For the half-year to 31 December 2014, the IPKat's regular team is supplemented by contributions from guest bloggers Rebecca Gulbul, Lucas Michels and Marie-Andrée Weiss.

Regular round-ups of the previous week's blogposts are kindly compiled by Alberto Bellan.

Friday, 1 August 2014

Red faces over PINK knickers? Victoria's Secret has a tough time in court

Cometh the hour, cometh the (pink) Kat ...
News has now began the haemorrhage through the blogosphere that British-based shirt-maker Thomas Pink has emerged happy and glorious from a spot of litigation against US intimate apparel company Victoria's Secret. This Kat has received, several times over, the judgment of Mr Justice Birss, in Thomas Pink Ltd v Victoria's Secret UK Ltd [2014] EWHC 2631 (Ch), in the Chancery Division of the High Court, England and Wales (doubling as the Community Trade Mark Court), but he has been too busy looking at the pictures doing his tax returns to read the judgment, which is rather long (217 pages plus annexes). Meanwhile, he is happy to plunder and adapt the text prepared by his friend and colleague Sarah Wright together with Kaisa Mattila at Olswang LLP, which was posted on the firm's Fashionista-at-Law weblog today. In short, as Sarah and Kaisa explain:
In a judgment delivered by Mr Justice Birss yesterday [which you can access here or download here], Victoria’s Secret was found to have infringed Thomas Pink’s trade marks for “PINK”. As reported in Business Week shortly after the judgment was handed down, Mr Justice Birss ruled that consumers in Europe might come to associate the traditional luxury shirt-maker with mass-market goods and underwear, which would cause detriment to the repute of its brand. “For example consumers are likely to enter one of the claimant’s shops looking for lingerie and be surprised and disappointed when they find they have made a mistake”, Birss J said.

Thomas Pink brought this action in response to the opening by Victoria’s Secret of two London stores, one of which stocks its “college girl” range of clothing, lingerie and accessories branded PINK, a range which was already widely available in the USA. The court considered four different types of use of the PINK brand by Victoria’s Secret, illustrated above, and found that use of the mark on garments and on store fronts (uses 3 and 4) infringed Thomas Pink’s trade marks. Other uses which combined “PINK” with the well-known “Victoria’s Secret” mark (eg in-store signage and social media pages, represented by use 2) did not infringe, as those types of use were unlikely to result in confusion. As regards use 1, Victoria's Secret maintained that it had used its mark in a non-confusing manner and also that Thomas Pink had acquiesced in this use. However, Thomas Pink's denial of this was accepted by the court.

In its defence, Victoria’s Secret sought to invalidate Thomas Pink’s registrations on the basis that the mark PINK was descriptive and had not acquired distinctiveness. Since Thomas Pink’s UK and Community trade mark (CTM) registrations were both device marks, the company argued that those marks were not exclusively descriptive. Notwithstanding this, Mr Justice Birss agreed that, given the nature of the mark PINK, it needed to have acquired distinctiveness to remain on the register. Crucially, however, he held that the mark had in fact acquired a distinctive character and was therefore validly registered. Victoria’s Secret’s counsel further argued that elements of Thomas Pink’s registrations should be revoked for non-use. While the Court agreed that there were some goods within Thomas Pink’s specification where there had been no genuine use, the vast majority of the goods were not revoked since there had been use (albeit by reference to a mark in a slightly different form to that registered). Judge Birss commented that, “Proprietors do not always and consistently use a mark in precisely the form as registered. This is recognised in s. 46(2) [of the UK's Trade Mark Act 1994] which permits minor variations to be taken into account in order to avoid revocation of the mark”.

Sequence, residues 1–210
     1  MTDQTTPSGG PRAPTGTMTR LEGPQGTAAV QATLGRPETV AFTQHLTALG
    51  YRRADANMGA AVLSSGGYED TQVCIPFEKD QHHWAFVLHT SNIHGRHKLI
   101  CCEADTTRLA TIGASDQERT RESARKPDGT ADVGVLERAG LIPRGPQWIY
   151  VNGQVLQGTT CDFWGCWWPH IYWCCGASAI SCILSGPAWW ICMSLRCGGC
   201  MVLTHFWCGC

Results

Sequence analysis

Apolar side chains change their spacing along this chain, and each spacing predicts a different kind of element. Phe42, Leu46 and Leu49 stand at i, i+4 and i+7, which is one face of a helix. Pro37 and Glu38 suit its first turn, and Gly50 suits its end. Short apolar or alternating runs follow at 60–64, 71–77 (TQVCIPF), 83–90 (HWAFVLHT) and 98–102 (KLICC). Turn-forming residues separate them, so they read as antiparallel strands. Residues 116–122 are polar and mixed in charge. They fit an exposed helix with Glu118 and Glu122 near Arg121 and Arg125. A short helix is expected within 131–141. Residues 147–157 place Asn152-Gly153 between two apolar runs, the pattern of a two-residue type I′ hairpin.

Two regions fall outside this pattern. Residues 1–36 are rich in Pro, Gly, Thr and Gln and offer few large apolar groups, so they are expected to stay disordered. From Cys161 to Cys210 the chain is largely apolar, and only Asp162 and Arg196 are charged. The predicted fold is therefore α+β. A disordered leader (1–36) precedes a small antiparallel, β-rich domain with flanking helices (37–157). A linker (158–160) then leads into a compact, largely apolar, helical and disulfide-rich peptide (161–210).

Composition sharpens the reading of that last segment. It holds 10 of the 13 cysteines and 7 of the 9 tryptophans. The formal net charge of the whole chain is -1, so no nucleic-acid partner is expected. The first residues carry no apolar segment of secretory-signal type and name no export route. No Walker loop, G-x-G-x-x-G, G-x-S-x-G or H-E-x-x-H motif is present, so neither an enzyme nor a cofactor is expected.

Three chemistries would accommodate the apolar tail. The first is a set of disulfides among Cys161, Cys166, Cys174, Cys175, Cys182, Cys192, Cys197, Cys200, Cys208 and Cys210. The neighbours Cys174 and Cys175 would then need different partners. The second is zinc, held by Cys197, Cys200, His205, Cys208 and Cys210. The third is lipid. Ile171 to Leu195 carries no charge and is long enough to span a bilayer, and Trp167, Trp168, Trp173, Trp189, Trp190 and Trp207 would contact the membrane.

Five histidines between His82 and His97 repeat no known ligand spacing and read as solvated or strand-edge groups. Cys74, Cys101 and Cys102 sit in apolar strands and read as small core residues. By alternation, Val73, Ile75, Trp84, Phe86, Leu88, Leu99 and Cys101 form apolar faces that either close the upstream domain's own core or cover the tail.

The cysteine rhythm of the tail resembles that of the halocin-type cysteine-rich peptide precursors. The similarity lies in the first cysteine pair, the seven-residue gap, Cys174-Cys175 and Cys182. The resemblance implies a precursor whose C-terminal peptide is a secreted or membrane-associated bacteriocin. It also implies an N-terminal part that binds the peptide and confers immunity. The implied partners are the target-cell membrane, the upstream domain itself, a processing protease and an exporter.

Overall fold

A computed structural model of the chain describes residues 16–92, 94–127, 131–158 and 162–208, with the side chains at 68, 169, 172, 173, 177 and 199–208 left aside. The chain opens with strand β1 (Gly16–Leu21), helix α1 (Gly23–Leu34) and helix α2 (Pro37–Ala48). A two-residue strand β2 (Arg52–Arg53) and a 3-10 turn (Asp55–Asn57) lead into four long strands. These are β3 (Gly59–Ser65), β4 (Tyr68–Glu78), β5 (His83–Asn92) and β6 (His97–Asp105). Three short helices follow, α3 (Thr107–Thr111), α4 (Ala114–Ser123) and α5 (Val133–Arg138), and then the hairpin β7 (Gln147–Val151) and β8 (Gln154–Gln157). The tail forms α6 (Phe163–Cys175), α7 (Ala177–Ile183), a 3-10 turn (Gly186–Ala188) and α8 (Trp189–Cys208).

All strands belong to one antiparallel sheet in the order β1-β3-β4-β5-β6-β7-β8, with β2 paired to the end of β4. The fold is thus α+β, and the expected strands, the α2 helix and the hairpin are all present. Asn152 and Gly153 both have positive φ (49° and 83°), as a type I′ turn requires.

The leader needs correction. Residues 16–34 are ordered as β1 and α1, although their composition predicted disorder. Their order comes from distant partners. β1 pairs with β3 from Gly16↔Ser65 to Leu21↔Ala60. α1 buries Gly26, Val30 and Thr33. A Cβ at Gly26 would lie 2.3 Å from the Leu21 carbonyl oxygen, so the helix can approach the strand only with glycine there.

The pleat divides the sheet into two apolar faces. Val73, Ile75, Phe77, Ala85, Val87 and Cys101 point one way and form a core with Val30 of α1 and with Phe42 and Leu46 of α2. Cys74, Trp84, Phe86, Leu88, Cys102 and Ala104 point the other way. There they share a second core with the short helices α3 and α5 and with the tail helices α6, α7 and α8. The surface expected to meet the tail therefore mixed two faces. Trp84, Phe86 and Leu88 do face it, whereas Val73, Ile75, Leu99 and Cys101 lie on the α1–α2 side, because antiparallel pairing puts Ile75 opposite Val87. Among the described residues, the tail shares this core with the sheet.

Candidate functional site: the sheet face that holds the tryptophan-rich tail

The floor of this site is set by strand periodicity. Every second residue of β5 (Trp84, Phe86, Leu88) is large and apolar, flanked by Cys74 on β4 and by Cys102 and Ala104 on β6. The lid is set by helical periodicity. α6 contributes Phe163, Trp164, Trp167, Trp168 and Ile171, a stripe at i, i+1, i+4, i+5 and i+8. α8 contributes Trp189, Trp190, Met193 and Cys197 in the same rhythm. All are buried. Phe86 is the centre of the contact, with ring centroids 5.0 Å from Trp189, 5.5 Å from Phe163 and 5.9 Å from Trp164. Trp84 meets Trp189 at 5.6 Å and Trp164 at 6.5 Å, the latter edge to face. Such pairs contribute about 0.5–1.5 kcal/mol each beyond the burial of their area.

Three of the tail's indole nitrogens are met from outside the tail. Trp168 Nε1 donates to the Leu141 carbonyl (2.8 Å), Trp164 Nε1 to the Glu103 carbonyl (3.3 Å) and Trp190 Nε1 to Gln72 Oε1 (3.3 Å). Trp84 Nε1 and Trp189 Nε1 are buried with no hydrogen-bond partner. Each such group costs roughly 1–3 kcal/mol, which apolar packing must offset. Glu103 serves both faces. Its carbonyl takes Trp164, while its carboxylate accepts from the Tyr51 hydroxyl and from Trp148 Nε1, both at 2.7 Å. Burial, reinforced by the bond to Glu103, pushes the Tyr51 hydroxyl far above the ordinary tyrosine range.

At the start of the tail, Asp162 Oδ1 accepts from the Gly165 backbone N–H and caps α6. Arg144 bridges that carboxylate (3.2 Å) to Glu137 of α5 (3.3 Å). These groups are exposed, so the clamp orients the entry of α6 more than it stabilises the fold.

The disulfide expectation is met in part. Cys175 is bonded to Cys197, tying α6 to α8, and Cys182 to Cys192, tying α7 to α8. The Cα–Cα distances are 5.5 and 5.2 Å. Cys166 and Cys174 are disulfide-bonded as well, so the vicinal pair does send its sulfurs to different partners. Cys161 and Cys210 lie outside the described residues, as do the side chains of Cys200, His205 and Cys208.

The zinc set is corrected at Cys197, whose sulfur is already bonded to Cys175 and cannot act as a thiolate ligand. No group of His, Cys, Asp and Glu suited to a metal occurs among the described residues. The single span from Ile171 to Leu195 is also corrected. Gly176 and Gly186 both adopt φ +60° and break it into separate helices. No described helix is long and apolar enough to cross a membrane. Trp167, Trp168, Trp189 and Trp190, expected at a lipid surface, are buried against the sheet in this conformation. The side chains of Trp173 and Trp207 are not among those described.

Victoria’s Secret had sought to rely on the fact that the two brands have been coexisting on the US market for many years without confusion. However, Mr Justice Birss held that the position was different on the European market, where it was likely that the average consumer would be confused by the mark PINK being emblazoned on the defendant’s clothing. The presence of the well-known mark VICTORIA’S SECRET on some of those goods did not avoid infringement, due to the prominence of the word PINK which was strongly associated with the claimant.

One interesting part of the judgment relates to the evidence of confusion adduced by Thomas Pink employees. Thirteen members of staff gave evidence recounting incidents where members of the public appeared to be confused, but none of the consumers themselves gave evidence. The judge commented that 
“the claimant’s evidence of actual confusion is not of sufficient weight to lend any significant positive support to the claimant’s case but it does play an important negative role in this action. Its existence is sufficient to prevent the defendant from credibly contending that there is no evidence of actual confusion in the UK or the EU”. 
Historically, UK Courts have been very strict about how consumer evidence can be adduced in trade mark cases. The acceptance by the Court of this kind of evidence, albeit the limited probative value of it, will be welcomed by brand owners who often find it hard to convince members of the public to get involved in Court proceedings.